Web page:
Reset Windows password with Linux in under 5 minutes

This post is not about pointing out one OS’s security deficiency over other or trying to make some fan boy points with Linux users. The simple fact is once you have physical access to a computer all bets are off. This is true for all OS (to some extend) but some are easier to crack than others. I won’t talk about how to protect yourself from this kind of no-nonsense attack on this post, I will leave that for another day but for now lets assume that you have a legitimate reason to reset yours or your friends windows computer.


You need a linux live CD, preferably Ubuntu live CD. Doesn’t have to be Ubuntu, it can be a custom linux live distro with the right packages (the ones we need) installed. And you need to have the ability to boot from CD. Which should be pretty straight forward.

Step 1:

Boot in to your live CD and install chntpw

Step 2:

Do cat /proc/mounts to get the label of your windows HD. In my case:

Or to put it more simply its: AC264F02264ECD50

cd to your media label: cd /media/AC264F02264ECD50

Now cd to to your system folder (windows 7): cd Windows/System32/config/

Step 3:

Change or reset windows admin password by running chntpw: sudo chntpw SAM

You will get a prompt and the options are self explanatory. For instance to reset password enter “1” and then “y” to confirm. To change password enter “2”, then your password, and “y” to confirm.

Done in 5 minutes (or so). This should work on all versions of windows since Windows2000.

You can also Reset Linux Root password in under 5 minutes and you don’t even need a livecd.

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  • JoshB

    See, this would work if the drive is unencrypted. And privacy nerds like me do whole disk encryption with Truecrypt.

    It may not be foolproof, but it makes it near impossible for a layman and definitely increases the time over 5 minutes.

    The minute you power off my PC the encryption is back and you are screwed.

  • WeAreGeek

    What a tedious way of resetting a Windoze password. With UBCD it’s just a few keystrokes.

  • Neto

    As Josh said, the only way to delay the loss of data is to encrypt your drives. Even if you don’t want or know how to change the win password. You can steal data from the filesystem or do whatever you want with it.

    Physical access is a killer.

  • ojrgflnbkvc

    soory, guy, not working, not possible to change boot on my laptop, protected. I reset bios baterry and it is still protected. ;(

  • Kris

    @ojrgflnbkvc: This post doesn’t have anything at all to do with a bios password.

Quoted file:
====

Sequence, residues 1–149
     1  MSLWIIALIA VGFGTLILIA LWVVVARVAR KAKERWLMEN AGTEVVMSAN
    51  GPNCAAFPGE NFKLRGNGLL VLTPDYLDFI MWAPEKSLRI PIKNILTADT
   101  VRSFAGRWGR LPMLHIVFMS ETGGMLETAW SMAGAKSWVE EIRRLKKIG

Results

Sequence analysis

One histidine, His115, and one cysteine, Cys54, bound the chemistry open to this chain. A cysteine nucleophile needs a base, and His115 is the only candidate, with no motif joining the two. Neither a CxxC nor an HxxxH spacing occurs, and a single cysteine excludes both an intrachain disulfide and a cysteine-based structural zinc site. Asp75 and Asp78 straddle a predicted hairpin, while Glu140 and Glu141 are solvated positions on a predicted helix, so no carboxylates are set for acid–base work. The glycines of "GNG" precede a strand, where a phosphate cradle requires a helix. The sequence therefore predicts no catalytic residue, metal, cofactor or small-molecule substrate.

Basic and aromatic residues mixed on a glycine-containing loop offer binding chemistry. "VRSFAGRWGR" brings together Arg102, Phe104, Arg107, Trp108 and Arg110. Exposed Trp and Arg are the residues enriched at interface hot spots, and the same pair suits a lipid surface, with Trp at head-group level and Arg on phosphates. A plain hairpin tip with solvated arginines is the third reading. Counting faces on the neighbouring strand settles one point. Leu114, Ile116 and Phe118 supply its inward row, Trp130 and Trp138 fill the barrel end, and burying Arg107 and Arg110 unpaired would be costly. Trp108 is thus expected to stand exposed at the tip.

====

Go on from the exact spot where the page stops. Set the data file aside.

• PerfMonk

    Kris, The poor guy cannot boot from CD and his bios is locked…

    If he could boot from anything other that the local disk it would work.

    But if you cant, here is one way to do it:

    You can pull the sata/ide drive cable out (you need to open the machine) and since the hard disk is not there, it would boot from CD. Then reconnect the cable and your disk should be back and accessible once you mount it. Then follow instructions…


  • John

    “preferably Ubuntu” ???
    I really wish tech blogs would stop promoting Ubuntu.
    How about Debian proper or any other distro that hasn’t bastardized and broken so much of Debian.
    Also this won’t work if you have turned on the inbuilt windows file protection, yes your password will be reset but you won’t be able to access any of your files anymore. This fact should be included in your instructions and bolded.

    • allan


      Maybe the author have no prejudices against Ubuntu and its the system that he tested and the availability of the utility to reset Windows’ password.
      You like Debian? Go for it, just don’t impose your standards on other people.

    • James


      It is okay to promote Debian or any other distros but please don’t make Debian users sound like the older sibling that sees his/her parents give more affection to his/her younger sibling.

      Both Debian and Ubuntu are loved by many together as well as separately for different reasons. There is no need to be jealous or envious just because one is given more spotlight.

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  • BobbyD_FL
    • Paul Greeff

      Bobby, thanks – that worked for me! Unfortunately the CHNTPW route appeared to work but then when I rebooted and tried to login, the password had not been changed.
      Thanks for your efforts anyway, potatoadmin!

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  • Kevin Blanco Z

    Had anyone try this on Windows8 ??

  • Carlos Sepulveda

    Worked, Thanks! (fraking Windows)

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